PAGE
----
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This was a question I was battling with earlier today and eventually figured out an answer. Wouldn't mind something better, but wanted to provide this to whomever also needed.

First, on an Azure VM you get a D:\ drive for free which is SSD. The caveat is that it usually gets destroyed when a VM is restarted. MS best practice for high write volume is to use this drive for tempdb. What they don't go into is that it's not formatted 64kb. The hidden pagefile.sys resides here, so you need to keep that into account if you try to reformat (it'll fail).

From this: https://cloudblogs.microsoft.com/sqlserver/2014/09/25/using-ssds-in-azure-vms-to-store-sql-server-tempdb-and-buffer-pool-extensions/

You'll want to alter their startup powershell script to something more like below, where I'm first removing the pagefile entirely, then formatting to 64k, creating the file as the script usually would, then putting the pagefile.sys back before starting the startup services.

$SQLService=”SQL Server (MSSQLSERVER)”
$SQLAgentService=”SQL Server Agent (MSSQLSERVER)”
$tempfolder=”D:\SQLTEMP”
if (!(test-path -path $tempfolder)) {
    (Get-WmiObject -Class Win32_PageFileSetting).Delete() 
    Format-Volume -DriveLetter D -FileSystem NTFS -AllocationUnitSize 65536 -NewFileSystemLabel "Temporary Storage"  -Confirm:$false
    New-Item -ItemType directory -Path $tempfolder
    Set-WMIInstance -Class Win32_PageFileSetting -Arguments @{ Name = 'D:\pagefile.sys';} 
}
Start-Service $SQLService
Start-Service $SQLAgentService

Does anyone have anything better or see any holes in this process?

For a little more automation/help for others, I also script the above script out as well as the triggers to create it and run it 30s after startup using below. This basically allows someone to automatically do the steps in the cloudblogs article I reference.

#1 - Set Services to manual startup so that windows scheduler will start after tempdb adjusted
Set-Service -Name MSSQLSERVER -StartupType Manual
Set-Service -Name SQLSERVERAGENT -StartupType Manual
IF (Get-Service MsDtsServer130 -ErrorAction SilentlyContinue)
{
Set-Service -Name MsDtsServer130 -StartupType Manual
}

<#2 - using below powershell script to create the startup script#>
$script=
'
$SQLService="SQL Server (MSSQLSERVER)"
$SQLAgentService="SQL Server Agent (MSSQLSERVER)"
$tempfolder="D:\SQLTEMP"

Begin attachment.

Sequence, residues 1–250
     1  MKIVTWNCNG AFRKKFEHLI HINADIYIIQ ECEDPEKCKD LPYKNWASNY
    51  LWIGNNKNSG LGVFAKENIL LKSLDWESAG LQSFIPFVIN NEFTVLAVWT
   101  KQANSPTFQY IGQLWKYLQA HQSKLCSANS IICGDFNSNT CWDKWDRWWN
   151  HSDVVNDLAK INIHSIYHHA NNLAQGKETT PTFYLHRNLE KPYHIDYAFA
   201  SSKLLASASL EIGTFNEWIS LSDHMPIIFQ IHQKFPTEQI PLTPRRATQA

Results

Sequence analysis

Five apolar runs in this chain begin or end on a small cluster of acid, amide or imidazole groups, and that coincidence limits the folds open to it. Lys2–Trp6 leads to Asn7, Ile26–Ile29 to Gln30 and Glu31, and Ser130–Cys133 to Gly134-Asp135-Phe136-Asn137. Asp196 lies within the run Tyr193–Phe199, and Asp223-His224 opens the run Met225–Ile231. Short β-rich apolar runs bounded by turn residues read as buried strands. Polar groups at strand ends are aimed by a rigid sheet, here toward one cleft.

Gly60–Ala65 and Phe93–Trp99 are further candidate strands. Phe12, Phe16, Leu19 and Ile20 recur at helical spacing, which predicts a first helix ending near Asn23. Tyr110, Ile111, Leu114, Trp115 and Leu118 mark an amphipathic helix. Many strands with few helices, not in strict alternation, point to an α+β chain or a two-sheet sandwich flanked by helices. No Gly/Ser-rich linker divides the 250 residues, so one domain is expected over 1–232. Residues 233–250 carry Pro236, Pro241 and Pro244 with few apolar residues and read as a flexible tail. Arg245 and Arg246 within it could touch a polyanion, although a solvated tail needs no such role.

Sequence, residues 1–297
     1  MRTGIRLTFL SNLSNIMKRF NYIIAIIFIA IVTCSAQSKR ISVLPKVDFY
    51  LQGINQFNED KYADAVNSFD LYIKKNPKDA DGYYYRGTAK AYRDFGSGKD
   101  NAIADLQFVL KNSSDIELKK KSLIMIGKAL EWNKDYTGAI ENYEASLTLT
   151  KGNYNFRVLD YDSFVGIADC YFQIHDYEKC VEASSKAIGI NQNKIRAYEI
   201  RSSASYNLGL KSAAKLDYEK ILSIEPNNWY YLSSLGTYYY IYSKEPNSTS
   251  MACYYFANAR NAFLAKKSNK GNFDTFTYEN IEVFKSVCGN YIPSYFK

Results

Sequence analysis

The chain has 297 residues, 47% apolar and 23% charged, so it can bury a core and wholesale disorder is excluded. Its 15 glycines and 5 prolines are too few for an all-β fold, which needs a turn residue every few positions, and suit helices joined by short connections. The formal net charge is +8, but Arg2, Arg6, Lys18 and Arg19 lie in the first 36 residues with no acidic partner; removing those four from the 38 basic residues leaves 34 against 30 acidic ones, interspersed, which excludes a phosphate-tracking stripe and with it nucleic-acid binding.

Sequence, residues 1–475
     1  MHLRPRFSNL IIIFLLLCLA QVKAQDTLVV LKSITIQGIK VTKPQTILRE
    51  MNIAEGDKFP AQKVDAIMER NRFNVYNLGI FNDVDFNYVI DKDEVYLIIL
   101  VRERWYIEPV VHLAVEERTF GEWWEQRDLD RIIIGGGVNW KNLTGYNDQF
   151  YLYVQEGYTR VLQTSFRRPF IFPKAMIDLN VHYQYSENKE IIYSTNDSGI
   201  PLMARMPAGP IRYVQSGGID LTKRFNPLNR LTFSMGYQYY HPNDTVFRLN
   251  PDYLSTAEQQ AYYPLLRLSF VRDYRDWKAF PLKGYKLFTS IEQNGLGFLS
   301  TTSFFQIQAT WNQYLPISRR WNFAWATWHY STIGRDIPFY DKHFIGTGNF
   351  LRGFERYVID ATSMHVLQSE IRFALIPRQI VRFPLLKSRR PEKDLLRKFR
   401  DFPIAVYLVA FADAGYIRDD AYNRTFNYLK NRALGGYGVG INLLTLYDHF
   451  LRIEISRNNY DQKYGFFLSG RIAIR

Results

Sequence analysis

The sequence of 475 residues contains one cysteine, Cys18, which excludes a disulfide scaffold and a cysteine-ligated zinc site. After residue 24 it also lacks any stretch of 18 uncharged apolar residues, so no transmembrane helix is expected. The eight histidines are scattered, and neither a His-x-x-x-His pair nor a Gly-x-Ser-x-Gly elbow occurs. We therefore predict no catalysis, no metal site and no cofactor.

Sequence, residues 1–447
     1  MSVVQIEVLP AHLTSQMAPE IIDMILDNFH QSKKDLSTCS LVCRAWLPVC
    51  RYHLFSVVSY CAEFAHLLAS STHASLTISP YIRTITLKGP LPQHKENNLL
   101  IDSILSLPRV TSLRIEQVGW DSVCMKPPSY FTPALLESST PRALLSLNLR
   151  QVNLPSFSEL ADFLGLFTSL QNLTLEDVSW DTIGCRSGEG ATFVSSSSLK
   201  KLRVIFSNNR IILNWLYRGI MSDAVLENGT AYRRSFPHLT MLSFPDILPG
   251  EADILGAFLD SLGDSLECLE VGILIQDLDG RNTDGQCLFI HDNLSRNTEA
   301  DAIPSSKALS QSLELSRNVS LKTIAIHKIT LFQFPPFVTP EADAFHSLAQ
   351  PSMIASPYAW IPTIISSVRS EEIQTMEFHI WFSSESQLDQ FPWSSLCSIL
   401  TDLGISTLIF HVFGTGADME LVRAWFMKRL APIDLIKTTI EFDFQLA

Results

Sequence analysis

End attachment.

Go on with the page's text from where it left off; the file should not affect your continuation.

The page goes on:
if (!(test-path -path $tempfolder)) {
    (Get-WmiObject -Class Win32_PageFileSetting).Delete() 
    Format-Volume -DriveLetter D -FileSystem NTFS -AllocationUnitSize 65536 -NewFileSystemLabel "Temporary Storage"  -Confirm:$false
    New-Item -ItemType directory -Path $tempfolder
    Set-WMIInstance -Class Win32_PageFileSetting -Arguments @{ Name = "D:\pagefile.sys";} 
}
Start-Service $SQLService
Start-Service $SQLAgentService
IF (Get-Service MsDtsServer130 -ErrorAction SilentlyContinue)
{
Start-Service -Name MsDtsServer130
}
'

Out-File -FilePath C:\SQL-startup.ps1 -InputObject $script -NoClobber


<#3 - using below script to create a scheduled task to call a powershell script that creates a folder on the d drive.#>
$trigger = New-JobTrigger -AtStartup -RandomDelay 00:00:30
Register-ScheduledJob -Trigger $trigger -FilePath C:\SQL-startup.ps1 -Name CreateSqlFolderOnDSsd

**Edit, above assumes SQL 2016 and at least powershell 5 (though I'm unaware of specific dependencies, should work on v4 at least).

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  • Microsoft responded that formatting wouldn't be necessary in this scenario and said they'd update the documentation, so I guess omit the pagefile drop/create and drive formatting if someone's looking to reuse. Mar 19, 2020 at 13:09

1 Answer 1

6

Does anyone have anything better or see any holes in this process?

As for holes, the blog post contains several, but your script appears to plug them.

As for something better, TempDB on the local SSD scratch drive is now available out-of-the-box for the SQL Server on Azure VM, along with separate storage pools for data and log. Here's a screenshot of the storage configuration pane from the Azure Portal:

enter image description here

The VMs drives will be formatted as follows:

PS C:\> Get-Volume  | Format-List AllocationUnitSize, FileSystemLabel


AllocationUnitSize : 4096
FileSystemLabel    : Temporary Storage

AllocationUnitSize : 65536
FileSystemLabel    : SQLVMLOG

AllocationUnitSize : 65536
FileSystemLabel    : SQLVMDATA1

AllocationUnitSize : 0
FileSystemLabel    :

AllocationUnitSize : 0
FileSystemLabel    :

AllocationUnitSize : 4096
FileSystemLabel    : System Reserved

AllocationUnitSize : 4096
FileSystemLabel    : Windows

The recommendation here to use a 64KB allocation unit size for TempDb may only be intended for when TempDb is on remote storage, not on the local NVMe flash disk, and in any case shouldn't have a large performance impact.

1
  • 1
    Yeah, I've gone through the setup instructions but unfortunately don't have access to my local msdn at work to test and don't have access to our subscription to test spinning a VM up. When you configure tempdb to use scratch storage, does it set the ntfs size to 64k? I'm trying to balance optimizing performance with cost and need to account for things like offloading state cache to Redis which seems like a fairly expensive service. Feb 19, 2020 at 12:37

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